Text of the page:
Moria


There were hundreds lined up outside the gate when we arrived at 5 pm.

Last night we took our first shift at Moria, the largest camp on the island, where people can be processed and then take the 12 hour ferry ride to Athens. The camp is in what I suspect is an old prison, for it certainly looks like one- with high metal gates and barbed wire everywhere.

Our job was to welcome families with children and elderly into a gated section of the camp, to provide them with food and medical attention, and then settle them into bunks where *roughly* 20 adults will stay with their children.

I worked on the 3rd floor, which was more for the general population of families. Up the hill are bunks 1 and 2, which hold more vulnerable people- single women and children, pregnant women, and the sick.

We were told that all together, the three floors can fit 800 with extremely crowded conditions.

Last night, we had roughly 700 on floors 2 and 3 alone.

I'll never have sufficient words to describe what I saw. Each room held dozens- piled together on the floor, 5 children to a bed. One family of 17 refused to be separated and elected to sit up all night so that the family could stay together. One Syrian man I spoke to said that he had not slept in 5 days. He gave up his bed so that another family could enter.

After a few hours, we had to begin turning people away. At first, only women with very young children could enter. Then, none. The crowd outside was frantic at times- pushing and shoving, all yelling in Arabic or Farsi. At one point, one of my teammates had to shout at the crowd to keep them from crushing a mother and infant.

All night, all I could think about what Mary and Joseph outside of that crowded inn in Bethlehem. I always thought it was, like, a cute little B&B type with the no vacancy sign flipped. No more. Every family that I turned away last night looked like the holy family, and every child, Jesus.

I'm not going to lie, it was pretty awful. The families that we could not house tried their luck at other bunks in the compound, but many ended up sleeping outside on the ground.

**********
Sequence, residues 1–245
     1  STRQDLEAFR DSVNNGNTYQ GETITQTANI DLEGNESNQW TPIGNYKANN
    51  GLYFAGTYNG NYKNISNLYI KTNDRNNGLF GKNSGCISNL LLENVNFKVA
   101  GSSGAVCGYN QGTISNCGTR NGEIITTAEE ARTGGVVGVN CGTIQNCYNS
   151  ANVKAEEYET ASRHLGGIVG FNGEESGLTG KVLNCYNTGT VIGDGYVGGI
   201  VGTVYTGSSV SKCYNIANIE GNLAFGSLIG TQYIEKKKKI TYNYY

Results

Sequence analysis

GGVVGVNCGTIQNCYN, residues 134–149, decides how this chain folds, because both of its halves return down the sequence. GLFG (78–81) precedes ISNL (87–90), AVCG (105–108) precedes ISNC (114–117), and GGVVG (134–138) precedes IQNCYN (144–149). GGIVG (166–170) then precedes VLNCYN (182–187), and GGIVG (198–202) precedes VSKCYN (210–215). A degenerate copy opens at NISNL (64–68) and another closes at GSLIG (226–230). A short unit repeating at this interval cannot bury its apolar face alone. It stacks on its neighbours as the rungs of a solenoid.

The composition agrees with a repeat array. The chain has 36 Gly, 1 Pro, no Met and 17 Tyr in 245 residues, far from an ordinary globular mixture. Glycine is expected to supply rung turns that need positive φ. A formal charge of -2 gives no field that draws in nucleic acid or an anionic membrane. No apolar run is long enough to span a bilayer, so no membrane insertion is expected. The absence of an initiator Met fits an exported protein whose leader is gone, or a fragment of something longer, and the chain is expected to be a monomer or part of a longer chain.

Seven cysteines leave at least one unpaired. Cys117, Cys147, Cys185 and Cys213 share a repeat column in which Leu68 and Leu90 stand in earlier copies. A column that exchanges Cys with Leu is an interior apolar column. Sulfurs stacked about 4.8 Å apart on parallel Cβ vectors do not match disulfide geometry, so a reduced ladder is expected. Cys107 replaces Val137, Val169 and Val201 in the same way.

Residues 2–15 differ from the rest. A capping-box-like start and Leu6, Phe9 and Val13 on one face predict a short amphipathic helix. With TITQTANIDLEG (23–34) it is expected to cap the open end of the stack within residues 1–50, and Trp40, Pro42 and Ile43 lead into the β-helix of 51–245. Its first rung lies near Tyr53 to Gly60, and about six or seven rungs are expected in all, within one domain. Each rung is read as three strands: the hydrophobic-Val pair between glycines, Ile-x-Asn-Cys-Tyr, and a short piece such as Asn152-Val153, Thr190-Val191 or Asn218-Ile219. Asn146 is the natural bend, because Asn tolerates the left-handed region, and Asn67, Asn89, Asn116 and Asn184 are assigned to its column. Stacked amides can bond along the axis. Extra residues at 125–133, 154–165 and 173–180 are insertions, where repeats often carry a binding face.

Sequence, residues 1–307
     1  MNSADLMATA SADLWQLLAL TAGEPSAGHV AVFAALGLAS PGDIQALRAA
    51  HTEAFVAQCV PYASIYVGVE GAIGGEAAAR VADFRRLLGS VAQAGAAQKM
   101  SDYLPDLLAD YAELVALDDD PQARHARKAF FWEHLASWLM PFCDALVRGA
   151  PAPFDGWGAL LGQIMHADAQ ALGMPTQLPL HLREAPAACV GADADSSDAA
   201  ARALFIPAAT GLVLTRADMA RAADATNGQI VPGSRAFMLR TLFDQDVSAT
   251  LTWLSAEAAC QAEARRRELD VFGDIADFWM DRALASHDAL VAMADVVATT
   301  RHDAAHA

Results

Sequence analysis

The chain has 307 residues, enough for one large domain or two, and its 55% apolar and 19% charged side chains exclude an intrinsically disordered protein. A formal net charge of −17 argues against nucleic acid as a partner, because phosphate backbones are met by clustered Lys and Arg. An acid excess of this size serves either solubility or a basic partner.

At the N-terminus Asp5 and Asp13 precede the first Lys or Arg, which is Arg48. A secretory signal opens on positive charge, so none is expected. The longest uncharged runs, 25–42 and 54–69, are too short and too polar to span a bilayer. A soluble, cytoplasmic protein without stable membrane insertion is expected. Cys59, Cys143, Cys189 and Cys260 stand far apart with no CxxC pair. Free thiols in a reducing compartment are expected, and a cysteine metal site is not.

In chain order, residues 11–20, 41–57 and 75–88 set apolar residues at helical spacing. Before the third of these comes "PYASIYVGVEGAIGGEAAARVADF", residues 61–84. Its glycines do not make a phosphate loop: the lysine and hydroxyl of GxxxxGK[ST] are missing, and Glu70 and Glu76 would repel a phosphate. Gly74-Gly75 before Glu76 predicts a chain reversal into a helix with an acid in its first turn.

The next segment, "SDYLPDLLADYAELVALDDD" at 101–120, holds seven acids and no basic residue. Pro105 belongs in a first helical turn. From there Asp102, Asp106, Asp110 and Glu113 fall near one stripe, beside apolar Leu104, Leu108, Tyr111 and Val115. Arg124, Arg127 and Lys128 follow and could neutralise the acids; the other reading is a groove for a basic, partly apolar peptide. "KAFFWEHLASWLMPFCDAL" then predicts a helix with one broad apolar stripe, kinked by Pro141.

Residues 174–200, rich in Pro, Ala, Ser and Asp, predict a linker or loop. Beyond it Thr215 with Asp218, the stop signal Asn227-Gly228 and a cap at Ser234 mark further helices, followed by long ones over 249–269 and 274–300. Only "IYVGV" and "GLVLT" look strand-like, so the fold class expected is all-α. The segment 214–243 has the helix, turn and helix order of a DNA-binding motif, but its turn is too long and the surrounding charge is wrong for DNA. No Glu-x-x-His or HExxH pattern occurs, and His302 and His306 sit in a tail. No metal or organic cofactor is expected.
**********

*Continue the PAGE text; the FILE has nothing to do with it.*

However, in the middle of all of this mess ('cause isn't that just how Jesus comes?) we saw a miracle.

Our whole compound (3 floors!) was delivered 750 meals to be shared among the people. We had about enough food for every other person. People were going to go away hungry, and several had not eaten in days.

Realizing that this was about to get very ugly, a few of my teammates and I started to pray for a 5 loaves and 2 fish situation- thanking God for the way that he had already provided everything that we needed for the night.

On our block, we started with 7 crates of meals. At the end of dinner time, we had 3 whole crates of food leftover. People were bringing back extra meals.

GOD'S MATH DOES NOT MAKE SENSE! In the midst of overcrowding and overwhelming need he provided over and above what we needed! Families went out into the camp, carrying meals for their loved ones.

Please pray with me that God just continue to pour favor onto the camps at Sykaminia and Moria. Pray that people go away full- not just of food, but of the overwhelming love of Christ. Pray that they go away rested- not just physically, but full of peace and hope and the knowledge that they are loved fiercely by Jesus Christ and his people.

Salam,

Chelsie


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